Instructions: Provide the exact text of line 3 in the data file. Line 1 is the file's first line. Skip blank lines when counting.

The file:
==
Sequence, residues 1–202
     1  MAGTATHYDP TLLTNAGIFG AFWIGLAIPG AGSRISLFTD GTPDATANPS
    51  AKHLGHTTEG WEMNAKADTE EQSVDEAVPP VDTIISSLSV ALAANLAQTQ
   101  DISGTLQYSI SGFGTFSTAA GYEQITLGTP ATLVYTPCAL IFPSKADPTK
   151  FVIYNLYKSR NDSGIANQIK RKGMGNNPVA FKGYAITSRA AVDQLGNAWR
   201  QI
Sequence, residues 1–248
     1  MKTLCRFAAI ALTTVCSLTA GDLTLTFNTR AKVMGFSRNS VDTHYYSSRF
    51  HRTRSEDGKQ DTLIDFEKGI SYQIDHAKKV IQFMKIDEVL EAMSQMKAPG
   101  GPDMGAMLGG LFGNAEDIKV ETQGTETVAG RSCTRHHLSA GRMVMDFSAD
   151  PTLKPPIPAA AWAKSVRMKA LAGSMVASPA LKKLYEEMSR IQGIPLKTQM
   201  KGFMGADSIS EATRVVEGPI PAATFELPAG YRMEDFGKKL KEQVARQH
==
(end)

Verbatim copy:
    51  AKHLGHTTEG WEMNAKADTE EQSVDEAVPP VDTIISSLSV ALAANLAQTQ